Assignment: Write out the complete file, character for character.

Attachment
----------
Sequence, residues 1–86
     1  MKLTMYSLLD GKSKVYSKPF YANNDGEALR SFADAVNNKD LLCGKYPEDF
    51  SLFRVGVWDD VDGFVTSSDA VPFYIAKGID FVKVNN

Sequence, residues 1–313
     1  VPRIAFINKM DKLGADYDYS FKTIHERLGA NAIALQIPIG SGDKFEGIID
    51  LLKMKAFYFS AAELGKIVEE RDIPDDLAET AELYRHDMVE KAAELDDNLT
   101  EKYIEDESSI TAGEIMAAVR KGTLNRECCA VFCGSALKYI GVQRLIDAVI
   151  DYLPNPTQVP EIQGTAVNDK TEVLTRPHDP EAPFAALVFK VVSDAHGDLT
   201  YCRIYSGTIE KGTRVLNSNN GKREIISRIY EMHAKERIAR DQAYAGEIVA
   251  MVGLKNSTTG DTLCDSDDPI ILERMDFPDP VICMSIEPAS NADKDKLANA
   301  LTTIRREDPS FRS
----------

Sequence, residues 1–86
     1  MKLTMYSLLD GKSKVYSKPF YANNDGEALR SFADAVNNKD LLCGKYPEDF
    51  SLFRVGVWDD VDGFVTSSDA VPFYIAKGID FVKVNN

Sequence, residues 1–313
     1  VPRIAFINKM DKLGADYDYS FKTIHERLGA NAIALQIPIG SGDKFEGIID
    51  LLKMKAFYFS AAELGKIVEE RDIPDDLAET AELYRHDMVE KAAELDDNLT
   101  EKYIEDESSI TAGEIMAAVR KGTLNRECCA VFCGSALKYI GVQRLIDAVI
   151  DYLPNPTQVP EIQGTAVNDK TEVLTRPHDP EAPFAALVFK VVSDAHGDLT
   201  YCRIYSGTIE KGTRVLNSNN GKREIISRIY EMHAKERIAR DQAYAGEIVA
   251  MVGLKNSTTG DTLCDSDDPI ILERMDFPDP VICMSIEPAS NADKDKLANA
   301  LTTIRREDPS FRS